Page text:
U.S. stocks rallied and global equities halted a six-day losing streak as selloffs in credit markets and crude abated. Treasuries fell, while the dollar gained with the odds for a Fed rate hike Wednesday above 75 percent.
The Standard & Poor’s 500 Index headed for its first back-to-back gains since Nov. 3, and European equities rallied the most in 10 weeks as the cost of insuring corporate debt ended a five-day surge and U.S. crude futures climbed past $37 a barrel. The yield on the two-year Treasury note approached a five-year high. The dollar rose for a fifth day.
Tension eased on global financial markets a day before the Fed is expected to raise rates and assure investors that any subsequent hikes will be gradual as long as economic growth remains steady. The first gains in four days for junk bonds and crude’s rebound from a six-year low helped quell concern that a selloff in riskier assets would derail global growth just as the Fed tightens.
“The Fed will be comfortable with a rate hike tomorrow,” said Brian Jacobsen, who helps oversee $242 billion as the chief portfolio strategist at Wells Fargo Advantage Funds in Menomonee Falls, Wisconsin. “I don’t think they want to show they’re beholden to the whims and fancies of traders, so they’ll probably still plow ahead with the plan to hike. But they’ll certainly want to convincingly signal that they’re going to follow a very shallow path in future rate hikes.”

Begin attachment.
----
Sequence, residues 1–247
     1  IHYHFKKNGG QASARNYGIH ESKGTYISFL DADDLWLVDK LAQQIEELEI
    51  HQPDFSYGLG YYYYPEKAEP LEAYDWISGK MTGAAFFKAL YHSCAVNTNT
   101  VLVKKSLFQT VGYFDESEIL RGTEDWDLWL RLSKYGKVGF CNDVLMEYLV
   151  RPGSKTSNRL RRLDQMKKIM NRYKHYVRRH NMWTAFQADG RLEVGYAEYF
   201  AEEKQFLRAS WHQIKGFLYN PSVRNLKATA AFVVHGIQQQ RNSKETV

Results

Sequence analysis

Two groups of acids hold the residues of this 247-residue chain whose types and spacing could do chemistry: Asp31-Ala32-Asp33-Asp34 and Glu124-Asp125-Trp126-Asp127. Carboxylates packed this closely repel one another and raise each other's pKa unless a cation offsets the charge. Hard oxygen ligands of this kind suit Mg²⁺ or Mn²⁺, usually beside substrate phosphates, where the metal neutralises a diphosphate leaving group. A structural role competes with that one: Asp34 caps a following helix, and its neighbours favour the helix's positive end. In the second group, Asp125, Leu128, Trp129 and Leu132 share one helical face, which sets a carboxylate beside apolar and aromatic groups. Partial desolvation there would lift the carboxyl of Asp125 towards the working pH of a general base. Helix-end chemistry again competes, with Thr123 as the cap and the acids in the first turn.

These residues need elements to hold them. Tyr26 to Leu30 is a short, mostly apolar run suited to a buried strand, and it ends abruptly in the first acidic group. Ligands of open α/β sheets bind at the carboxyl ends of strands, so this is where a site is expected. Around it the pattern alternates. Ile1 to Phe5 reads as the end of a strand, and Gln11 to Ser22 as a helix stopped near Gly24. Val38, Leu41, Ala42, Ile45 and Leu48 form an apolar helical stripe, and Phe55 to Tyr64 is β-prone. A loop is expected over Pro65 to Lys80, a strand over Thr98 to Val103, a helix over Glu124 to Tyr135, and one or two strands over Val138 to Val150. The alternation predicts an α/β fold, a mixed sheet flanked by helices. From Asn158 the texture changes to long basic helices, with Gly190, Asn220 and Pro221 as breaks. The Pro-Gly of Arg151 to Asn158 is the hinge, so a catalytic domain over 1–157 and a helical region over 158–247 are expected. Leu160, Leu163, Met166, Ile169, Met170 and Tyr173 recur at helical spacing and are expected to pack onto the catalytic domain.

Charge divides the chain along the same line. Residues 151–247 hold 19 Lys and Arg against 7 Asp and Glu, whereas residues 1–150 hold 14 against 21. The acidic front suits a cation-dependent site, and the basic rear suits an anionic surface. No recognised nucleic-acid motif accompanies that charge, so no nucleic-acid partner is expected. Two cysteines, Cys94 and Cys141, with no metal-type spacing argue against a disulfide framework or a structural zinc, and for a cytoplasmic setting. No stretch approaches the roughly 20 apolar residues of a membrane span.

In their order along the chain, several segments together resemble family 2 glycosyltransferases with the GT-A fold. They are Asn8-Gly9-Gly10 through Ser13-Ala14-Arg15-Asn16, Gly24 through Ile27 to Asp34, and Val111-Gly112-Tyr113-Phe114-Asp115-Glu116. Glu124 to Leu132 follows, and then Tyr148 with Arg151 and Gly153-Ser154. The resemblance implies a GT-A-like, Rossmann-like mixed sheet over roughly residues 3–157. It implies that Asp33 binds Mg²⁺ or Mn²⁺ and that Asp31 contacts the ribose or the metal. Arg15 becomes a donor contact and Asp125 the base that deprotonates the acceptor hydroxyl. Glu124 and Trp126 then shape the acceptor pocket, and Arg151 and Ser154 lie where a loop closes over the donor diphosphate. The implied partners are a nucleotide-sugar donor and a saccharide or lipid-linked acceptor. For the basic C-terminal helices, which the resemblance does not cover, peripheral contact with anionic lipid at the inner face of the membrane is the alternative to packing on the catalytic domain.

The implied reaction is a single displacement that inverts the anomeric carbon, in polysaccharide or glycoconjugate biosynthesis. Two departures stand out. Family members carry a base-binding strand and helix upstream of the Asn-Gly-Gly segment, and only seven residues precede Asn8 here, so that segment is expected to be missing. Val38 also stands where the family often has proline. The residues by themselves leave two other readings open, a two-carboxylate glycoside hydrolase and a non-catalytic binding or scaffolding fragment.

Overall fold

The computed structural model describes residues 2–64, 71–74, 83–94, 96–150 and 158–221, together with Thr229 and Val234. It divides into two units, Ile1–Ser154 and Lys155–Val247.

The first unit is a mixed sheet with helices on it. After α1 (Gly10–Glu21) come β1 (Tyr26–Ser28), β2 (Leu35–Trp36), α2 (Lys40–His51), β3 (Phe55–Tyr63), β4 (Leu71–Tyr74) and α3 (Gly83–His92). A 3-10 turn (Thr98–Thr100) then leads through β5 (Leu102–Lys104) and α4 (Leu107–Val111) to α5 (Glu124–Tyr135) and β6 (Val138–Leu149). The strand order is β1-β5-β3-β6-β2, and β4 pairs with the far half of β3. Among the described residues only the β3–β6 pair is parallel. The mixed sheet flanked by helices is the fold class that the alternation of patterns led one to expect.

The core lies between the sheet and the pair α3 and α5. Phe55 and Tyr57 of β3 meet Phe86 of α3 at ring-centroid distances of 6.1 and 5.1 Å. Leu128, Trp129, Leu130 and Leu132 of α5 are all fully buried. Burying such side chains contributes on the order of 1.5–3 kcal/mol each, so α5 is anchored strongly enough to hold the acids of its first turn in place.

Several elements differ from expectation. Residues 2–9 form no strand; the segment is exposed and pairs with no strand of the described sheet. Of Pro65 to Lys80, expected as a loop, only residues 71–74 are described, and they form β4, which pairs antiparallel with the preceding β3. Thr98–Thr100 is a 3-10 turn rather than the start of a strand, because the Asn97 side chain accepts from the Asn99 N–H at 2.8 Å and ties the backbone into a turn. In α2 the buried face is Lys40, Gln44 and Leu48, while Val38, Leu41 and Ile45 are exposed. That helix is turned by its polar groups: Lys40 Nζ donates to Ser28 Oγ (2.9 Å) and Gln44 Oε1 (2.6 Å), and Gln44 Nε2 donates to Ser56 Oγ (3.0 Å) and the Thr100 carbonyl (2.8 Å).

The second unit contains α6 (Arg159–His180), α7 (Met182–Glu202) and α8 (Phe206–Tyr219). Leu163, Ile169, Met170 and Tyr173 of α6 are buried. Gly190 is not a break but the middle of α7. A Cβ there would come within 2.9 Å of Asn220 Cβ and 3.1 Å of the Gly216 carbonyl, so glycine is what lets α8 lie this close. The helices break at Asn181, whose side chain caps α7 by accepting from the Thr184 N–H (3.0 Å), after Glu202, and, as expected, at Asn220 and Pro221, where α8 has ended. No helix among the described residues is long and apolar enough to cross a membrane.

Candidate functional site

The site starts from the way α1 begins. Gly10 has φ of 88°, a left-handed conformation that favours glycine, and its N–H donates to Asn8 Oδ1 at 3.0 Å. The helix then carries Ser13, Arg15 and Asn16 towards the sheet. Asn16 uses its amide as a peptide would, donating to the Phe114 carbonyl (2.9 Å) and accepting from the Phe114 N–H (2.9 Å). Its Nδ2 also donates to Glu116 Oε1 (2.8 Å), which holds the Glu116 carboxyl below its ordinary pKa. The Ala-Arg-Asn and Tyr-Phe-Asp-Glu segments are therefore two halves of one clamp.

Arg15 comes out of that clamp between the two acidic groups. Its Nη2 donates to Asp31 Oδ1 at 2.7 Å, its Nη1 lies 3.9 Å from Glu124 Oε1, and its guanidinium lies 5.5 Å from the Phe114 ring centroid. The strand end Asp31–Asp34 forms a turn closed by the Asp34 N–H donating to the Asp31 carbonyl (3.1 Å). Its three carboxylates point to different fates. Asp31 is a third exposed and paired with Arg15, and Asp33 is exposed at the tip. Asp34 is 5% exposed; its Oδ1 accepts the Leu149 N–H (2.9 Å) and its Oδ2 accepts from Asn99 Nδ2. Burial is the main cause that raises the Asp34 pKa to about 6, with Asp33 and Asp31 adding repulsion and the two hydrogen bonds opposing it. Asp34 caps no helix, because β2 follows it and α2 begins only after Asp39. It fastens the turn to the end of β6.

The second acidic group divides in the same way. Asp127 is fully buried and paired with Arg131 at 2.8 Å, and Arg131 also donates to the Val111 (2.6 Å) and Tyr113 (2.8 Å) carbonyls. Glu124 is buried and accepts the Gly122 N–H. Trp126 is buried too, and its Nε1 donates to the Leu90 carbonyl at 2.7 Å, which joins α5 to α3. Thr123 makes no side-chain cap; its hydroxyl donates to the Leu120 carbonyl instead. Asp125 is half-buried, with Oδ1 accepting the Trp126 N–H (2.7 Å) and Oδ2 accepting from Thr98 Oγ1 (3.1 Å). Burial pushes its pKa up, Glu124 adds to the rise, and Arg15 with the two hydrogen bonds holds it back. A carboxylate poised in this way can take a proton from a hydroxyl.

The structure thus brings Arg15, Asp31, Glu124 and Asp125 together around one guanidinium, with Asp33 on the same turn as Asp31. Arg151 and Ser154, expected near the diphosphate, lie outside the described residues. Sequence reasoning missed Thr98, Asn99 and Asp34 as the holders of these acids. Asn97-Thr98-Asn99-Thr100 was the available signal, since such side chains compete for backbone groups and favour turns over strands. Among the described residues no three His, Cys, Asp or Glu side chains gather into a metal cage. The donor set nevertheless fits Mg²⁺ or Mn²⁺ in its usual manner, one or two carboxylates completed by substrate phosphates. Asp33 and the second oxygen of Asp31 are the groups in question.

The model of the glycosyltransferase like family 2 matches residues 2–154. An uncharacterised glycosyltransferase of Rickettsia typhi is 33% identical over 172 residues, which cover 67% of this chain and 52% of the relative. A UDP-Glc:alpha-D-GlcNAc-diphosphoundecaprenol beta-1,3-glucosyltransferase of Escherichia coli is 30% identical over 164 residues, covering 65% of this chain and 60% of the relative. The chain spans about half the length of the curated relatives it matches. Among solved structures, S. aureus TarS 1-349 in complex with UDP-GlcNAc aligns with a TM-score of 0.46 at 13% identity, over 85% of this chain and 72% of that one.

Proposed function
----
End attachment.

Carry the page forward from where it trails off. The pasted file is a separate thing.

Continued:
The S&P 500 added 1.4 percent at 2:15 p.m. in New York, adding to a 0.5 percent advance Monday that erased a 1.9 percent rout on Friday. Data today reinforced expectations for a gradual increase in rates, with the cost of living holding steady in November, underscoring scant inflation that is well below the Fed’s goal.
BlackRock’s iShares iBoxx High Yield Corporate Bond ETF, the largest exchange-traded fund of its kind, and SPDR Barclays High Yield Bond ETF both gained for the first time in four days after touching six-year lows Monday.
Tuesday’s rally cut the S&P 500’s slide in December to 1.4 percent. While the month historically has been one of the best of the year, the index is headed for its worst December in 13 years and the biggest annual drop since 2008.
The probability the Fed will increase its benchmark rate on Wednesday is 76 percent, according to futures data compiled by Bloomberg. Traders are pricing in less than three increases of 0.25 percentage point in the next year, taking the fed funds effective rate to 0.76 percent from 0.14 percent.
The Stoxx Europe 600 jumped 2.9 percent from a 10-week low. Germany’s DAX Index and France’s CAC 40 were among the biggest gainers, rising at least 3.1 percent. The Stoxx 600 is still down 6.7 percent this month, on course for its worst December since 2002 amid a rout in commodities, concern about U.S. monetary policy tightening and disappointment over the extent of European stimulus.
Treasuries fell, pushing 10-year yields to the highest in more than a week, as demand for fixed income around the globe slumped after stocks and oil prices rebounded. The rate on the policy-sensitive two-year note added two basis points to 0.96 percent.